Plus, baskets can be a nice alternative to pots and jars for storing other items.
12. Create the storage cupboard of your dreams
Storage cupboards are a teacher’s one stop shop for all their supply-based needs. Let it descend into chaos and you’ll find it difficult to get what you need for an upcoming lesson. The best place to head for tips, trick and hacks for storage cupboard bliss is on Pintrest – there’s a whole board dedicated to it.
Check out this dreamy example from Especially Education.
13. Get inventive with storage solutions
Big boxes and tubs laid around everywhere can look a little ungainly, so sometimes you need to get creative and give things a lift. For example, if you’ve got a workbench with room underneath for storage, fit a rail to the underside of the bench and fit a nice curtain. You’ll soon have all those untidy looking boxes covered up.
14. Give the room a lick of paint
Sometimes, all it takes to give your classroom a lift is a pot of paint and some love. Clever use of certain colours can quickly make your classroom feel more spacious. There’s plenty of other ways you can influence the vibe of your classroom using colour – detailed in our guide to colour psychology.
15. Get tough on hygiene
Cleanliness and general hygiene can be a nightmare at the best of times when schoolkids are involved. Given the events of 2020, it’s even more important that your class take it seriously. If you haven’t already, put a poster on the wall with all your class hygiene rules. No matter the circumstances outside the classroom, there’s no need to abandon the rules. Keep those good habits alive.
16. Label resources by subject on the shelves
More labelling advice here. Group all your resources by subject, or topic within that subject, and add in handy dividers so you can easily identify what you need and take it from the shelf. Your resources are just like any other filing system. Get them organised and you’ll save plenty of precious learning time.
17. Sort crayons, pens and pencils by colour
You probably already store your pens, crayons and pencils by type, but how about another layer of organisation by grouping by colour? With 20 or 30 crayons all sitting in the same tin or basket, it can be hard to tell how many you’ve got of each colour. To stop the possibility of running out of a certain coloured pen, paint a tin in each colour and only items of that colour in them.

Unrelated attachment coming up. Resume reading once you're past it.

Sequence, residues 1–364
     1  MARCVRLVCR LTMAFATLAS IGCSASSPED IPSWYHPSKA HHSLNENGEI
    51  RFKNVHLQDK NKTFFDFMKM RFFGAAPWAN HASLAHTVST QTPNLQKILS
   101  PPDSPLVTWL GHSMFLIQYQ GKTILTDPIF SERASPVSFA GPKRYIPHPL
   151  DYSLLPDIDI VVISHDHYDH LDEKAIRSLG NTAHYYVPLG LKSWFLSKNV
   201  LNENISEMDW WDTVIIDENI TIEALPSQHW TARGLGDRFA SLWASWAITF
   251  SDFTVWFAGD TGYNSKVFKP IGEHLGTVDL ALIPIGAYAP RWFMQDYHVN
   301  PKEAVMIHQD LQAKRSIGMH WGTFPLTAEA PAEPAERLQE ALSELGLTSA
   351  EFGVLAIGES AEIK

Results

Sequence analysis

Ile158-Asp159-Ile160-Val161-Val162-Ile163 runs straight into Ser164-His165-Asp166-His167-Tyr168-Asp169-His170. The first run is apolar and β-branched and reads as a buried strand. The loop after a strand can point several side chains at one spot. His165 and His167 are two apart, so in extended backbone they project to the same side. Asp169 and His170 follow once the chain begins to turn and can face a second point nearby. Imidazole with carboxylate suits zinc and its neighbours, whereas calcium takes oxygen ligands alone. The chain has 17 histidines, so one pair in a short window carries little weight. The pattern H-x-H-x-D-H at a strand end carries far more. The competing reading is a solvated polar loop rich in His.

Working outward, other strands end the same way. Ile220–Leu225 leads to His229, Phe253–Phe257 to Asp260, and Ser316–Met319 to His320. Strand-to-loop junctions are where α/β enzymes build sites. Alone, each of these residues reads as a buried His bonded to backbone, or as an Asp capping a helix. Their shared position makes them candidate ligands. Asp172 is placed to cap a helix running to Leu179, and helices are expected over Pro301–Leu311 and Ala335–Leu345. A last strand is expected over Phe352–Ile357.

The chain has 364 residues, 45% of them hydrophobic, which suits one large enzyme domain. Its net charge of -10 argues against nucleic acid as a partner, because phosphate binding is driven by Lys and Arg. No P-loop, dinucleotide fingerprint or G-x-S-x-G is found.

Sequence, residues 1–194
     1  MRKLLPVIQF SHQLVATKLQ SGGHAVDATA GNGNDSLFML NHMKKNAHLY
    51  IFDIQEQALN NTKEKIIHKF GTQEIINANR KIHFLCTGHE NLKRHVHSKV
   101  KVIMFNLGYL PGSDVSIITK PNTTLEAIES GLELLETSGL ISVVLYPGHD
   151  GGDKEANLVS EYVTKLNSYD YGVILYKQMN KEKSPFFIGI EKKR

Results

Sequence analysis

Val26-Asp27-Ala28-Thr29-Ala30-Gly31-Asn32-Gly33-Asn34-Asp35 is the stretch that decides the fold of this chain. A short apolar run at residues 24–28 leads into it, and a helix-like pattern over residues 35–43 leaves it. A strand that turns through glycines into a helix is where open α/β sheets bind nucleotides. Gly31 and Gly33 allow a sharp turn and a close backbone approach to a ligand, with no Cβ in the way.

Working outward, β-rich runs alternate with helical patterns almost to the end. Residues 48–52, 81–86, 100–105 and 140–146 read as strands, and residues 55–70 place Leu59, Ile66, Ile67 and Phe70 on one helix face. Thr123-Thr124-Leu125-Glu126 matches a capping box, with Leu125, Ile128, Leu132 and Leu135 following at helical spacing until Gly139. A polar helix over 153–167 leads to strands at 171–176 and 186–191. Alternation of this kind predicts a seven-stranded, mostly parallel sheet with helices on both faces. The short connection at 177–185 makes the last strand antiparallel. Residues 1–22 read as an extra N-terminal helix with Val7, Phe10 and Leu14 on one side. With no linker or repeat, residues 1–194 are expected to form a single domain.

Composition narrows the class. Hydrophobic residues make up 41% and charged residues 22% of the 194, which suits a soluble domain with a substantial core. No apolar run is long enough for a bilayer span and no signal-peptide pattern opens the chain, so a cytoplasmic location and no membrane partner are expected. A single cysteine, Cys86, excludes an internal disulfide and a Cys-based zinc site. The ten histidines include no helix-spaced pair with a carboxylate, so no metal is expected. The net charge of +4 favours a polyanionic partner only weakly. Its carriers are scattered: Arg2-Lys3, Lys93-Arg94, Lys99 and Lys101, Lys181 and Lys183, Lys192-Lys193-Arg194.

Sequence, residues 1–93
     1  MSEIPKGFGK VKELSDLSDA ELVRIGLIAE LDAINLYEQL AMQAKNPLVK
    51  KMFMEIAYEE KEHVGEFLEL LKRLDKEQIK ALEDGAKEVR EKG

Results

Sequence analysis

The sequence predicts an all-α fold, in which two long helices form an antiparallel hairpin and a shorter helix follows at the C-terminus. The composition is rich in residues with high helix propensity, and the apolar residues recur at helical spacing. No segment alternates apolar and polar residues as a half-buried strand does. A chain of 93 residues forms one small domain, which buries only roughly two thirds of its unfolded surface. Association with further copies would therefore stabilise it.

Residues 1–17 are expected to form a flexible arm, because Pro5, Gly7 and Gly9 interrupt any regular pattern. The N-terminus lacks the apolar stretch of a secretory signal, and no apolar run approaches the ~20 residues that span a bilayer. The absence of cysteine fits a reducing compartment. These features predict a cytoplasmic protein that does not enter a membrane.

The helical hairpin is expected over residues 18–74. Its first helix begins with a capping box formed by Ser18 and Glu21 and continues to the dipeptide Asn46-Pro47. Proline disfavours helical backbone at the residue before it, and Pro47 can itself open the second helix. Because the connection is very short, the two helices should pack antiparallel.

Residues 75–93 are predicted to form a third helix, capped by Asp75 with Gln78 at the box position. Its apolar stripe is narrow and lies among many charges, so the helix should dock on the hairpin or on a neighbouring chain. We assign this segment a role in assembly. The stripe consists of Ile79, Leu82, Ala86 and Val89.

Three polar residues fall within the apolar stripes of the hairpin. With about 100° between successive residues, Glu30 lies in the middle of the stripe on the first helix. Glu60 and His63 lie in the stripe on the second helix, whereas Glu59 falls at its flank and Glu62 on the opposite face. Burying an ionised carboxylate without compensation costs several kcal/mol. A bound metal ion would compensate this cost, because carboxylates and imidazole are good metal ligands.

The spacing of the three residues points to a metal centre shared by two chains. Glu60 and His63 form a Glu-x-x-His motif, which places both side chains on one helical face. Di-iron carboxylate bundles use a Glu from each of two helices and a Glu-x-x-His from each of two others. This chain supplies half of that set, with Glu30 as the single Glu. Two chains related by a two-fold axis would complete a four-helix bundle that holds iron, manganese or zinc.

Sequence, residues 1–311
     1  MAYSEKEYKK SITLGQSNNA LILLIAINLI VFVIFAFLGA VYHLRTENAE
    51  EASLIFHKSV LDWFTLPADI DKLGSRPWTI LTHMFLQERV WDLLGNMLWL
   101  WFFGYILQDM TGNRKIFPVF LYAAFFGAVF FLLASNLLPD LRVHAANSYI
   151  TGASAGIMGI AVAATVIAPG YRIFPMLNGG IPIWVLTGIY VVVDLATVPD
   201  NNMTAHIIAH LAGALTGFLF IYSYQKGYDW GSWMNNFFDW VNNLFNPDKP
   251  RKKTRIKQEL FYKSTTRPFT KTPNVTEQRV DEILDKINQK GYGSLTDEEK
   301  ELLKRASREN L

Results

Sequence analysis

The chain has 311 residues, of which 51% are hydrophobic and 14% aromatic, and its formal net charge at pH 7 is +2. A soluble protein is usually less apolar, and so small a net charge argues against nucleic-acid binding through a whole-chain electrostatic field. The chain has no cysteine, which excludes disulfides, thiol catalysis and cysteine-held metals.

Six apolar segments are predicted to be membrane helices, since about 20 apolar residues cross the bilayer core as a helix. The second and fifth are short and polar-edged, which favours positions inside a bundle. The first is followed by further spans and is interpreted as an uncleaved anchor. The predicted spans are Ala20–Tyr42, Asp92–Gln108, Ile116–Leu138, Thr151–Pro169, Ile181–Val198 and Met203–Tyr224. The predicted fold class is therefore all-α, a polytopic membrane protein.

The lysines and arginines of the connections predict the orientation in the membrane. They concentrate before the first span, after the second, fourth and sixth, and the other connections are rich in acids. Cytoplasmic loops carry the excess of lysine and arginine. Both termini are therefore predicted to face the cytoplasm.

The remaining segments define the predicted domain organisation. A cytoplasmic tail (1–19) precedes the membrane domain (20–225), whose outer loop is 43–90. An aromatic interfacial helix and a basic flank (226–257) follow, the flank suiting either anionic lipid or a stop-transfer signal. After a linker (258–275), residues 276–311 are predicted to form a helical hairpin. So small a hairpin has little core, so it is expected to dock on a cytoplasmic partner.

We love this example from A blog from the Pond.
To get the class involved
18. Get buy in from your class
Your hard work keeping your classroom clean and organised can only take you so far. You need buy in from the kids that use it too. Wherever you can, encourage your class to be clean, tidy and organised too. Try adding small cues around the room that remind everyone to tidy up after themselves, or offer incentives to class for keeping the room tidy.
19. Employ some class helpers
As an extension of getting the whole class to buy in, you could assign some pupils special class roles and duties. Some children thrive off this sense of responsibility, something you can harness for your organisational needs. Ask them to setup tech before use, or lead the clear up after a craft activity, anything that eases the burden on you.
Little class games can quickly see your class back at their desks and ready to focus again. Play the Mission Impossible theme tune and give them until the end to clear everything away.
20. Consider personalised storage
Extend the idea of personalised wall pouches by bringing in other forms of personalised storage. Allocate each child the supplies they need for class and give them a labelled box, tub or drawer. A nice touch to this tip is how it gives each class member the responsibility of having their own things.
21. Bring in a visual schedule
Help your class get organised every day by creating a wall-mounted schedule. Broken down by each day, list the activities and subjects you’ll be covering and add any helpful reminders for yourself or your class if something important is coming up.
You’ll find plenty of nice examples online – like this one from Teaching with Terhune.
For personal organisation
22. Get into a routine – and stick to it!
We’ve all been there. You sit down and draw up a list of things to do or ways to improve, and within a few weeks, you’re back to your old ways. Ultimately, that won’t get your classroom in the condition you want it to be. Draw up a routine that will keep everything just as it needs to be – only this time, stick to it!
23. Start off on the right foot with back-to-school
There is no better time to wipe the slate clean and commit to a more organised classroom than the start of a new school year. When the time comes around once again, make sure you add some organisational points to your back-to-school checklist.
24. Try an in-and-out work system
No project for perfect desk organisation is complete without an old-fashioned in-and-out tray. In tray for pupils submitting work, out tray for work that’s all marked and ready to be handed back. It sounds simple, but sometimes the simplest solutions are the best.
25. Try some organisational apps
Nail your personal organisation, and good classroom organisation will surely follow. There’s plenty of useful apps you can boot up on your smartphone that will help you organise your day, leaving you more time to educate the class.
Here are a few starters: